So. One might be wondering why, in recent days, I've been making the odd pointed comment about Texas prisons and their attitudes toward their prisoners.
One might, indeed.
AMARILLO – Garrett Cunningham refers to it only as "the incident," the five or 10 minutes that forever changed the way he saw himself. Four years ago, Mr. Cunningham said, a state corrections officer raped him near the showers of a prison. Afterward, the inmate lay in bed, weeping. "When I was awake, I thought about wanting to die, because I didn't want to live with this," said Mr. Cunningham, 33.
Since 2000, at least 129 Texas prisoners, including Mr. Cunningham, have alleged that they were raped or had had sexual contact with corrections officers, according to state records. Allegations of inmate-on-inmate rape are even more frequent and appear to be increasing. Overall, the number of reported sexual assaults in Texas prisons has increased 160 percent, to 609 in 2004 from 234 in 2000.
Inmate advocates -- who have launched a nationwide legal campaign against assaults and the complacency that they say allows them to flourish -- say that the problem is greater than the statistics show, with the situation in Texas acute.
"I really have become convinced over the last three years or so that Texas is the prison-rape capital of the country," said Margaret Winter, a lawyer who represents two inmates who sued the prison system. "When prisoners report it, they are ignored, laughed at and often punished." [...] But some who have studied prison rape believe that even the rising numbers don't capture its prevalence.
"Recurrence is the great fear" if they report it, said Cindy Struckman-Johnson, a University of South Dakota psychology professor who has studied inmate rape incidents in Midwestern prisons. "They fear harm by perpetrators, poor treatment by staff, and shame and embarrassment."
Mr. Cunningham, who went to prison on a probation violation, said all those factors influenced his decision to keep quiet. "He [the corrections officer] told me he'd have me sent to another prison, where this would happen to me all the time from gang members," Mr. Cunningham said. "That he could have me killed in there."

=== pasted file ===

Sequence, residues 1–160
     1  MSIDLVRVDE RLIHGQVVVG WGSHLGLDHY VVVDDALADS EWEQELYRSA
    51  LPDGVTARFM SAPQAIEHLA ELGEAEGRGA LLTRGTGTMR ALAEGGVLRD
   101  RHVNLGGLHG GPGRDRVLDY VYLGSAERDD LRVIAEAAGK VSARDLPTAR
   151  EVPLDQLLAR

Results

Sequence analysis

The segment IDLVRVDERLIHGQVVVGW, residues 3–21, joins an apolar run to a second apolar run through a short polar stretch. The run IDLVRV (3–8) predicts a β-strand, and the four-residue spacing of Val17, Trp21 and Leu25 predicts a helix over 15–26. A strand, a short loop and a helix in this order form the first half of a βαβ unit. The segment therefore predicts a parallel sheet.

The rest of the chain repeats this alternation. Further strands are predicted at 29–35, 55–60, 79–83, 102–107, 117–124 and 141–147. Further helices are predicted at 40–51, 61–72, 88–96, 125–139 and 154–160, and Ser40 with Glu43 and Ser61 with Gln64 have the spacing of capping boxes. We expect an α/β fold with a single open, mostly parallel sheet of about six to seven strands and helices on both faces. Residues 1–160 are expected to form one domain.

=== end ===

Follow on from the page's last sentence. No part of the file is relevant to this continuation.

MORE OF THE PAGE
[...] At least three other inmates and former inmates reported that Mr. Chaney raped them at the Luther Unit in Navasota. [...] The former guard is charged with two counts of improper sexual activity and one count of aggravated sexual assault. Prosecutors said they intend to bring another sexual assault case, involving a former inmate from Garland, to a grand jury this month. In November 2001, another inmate reported that Mr. Chaney had sexually assaulted him. He was able to save semen on a handkerchief, and an analysis later showed it belonged to Mr. Chaney, court records show.
This even goes beyond the previously noted tendency for Texas prisons to tolerate and sometimes encourage prisoner-on-prisoner rape. Although it is the sort of outgrowth one would expect. After all, this sort of thing happens in womens' prisons, so why wouldn't it happen (albeit probably somewhat less frequently) in a men's prison?
Here's the thing to consider: whether in prison or outside, men tend to report being raped only when the physical damage is too great to deal with on their own, when they are simply too badly hurt to do otherwise. In prisons, people tend to hide greater degrees of physical damage than they would on the outside, because it's far more likely that the rapist or his friends will take some sort of revenge against them if they report it. So, if anything, sexual assault would be far more underreported inside prisons than it is outside.Posted by iain at January 26, 2005 03:11 PM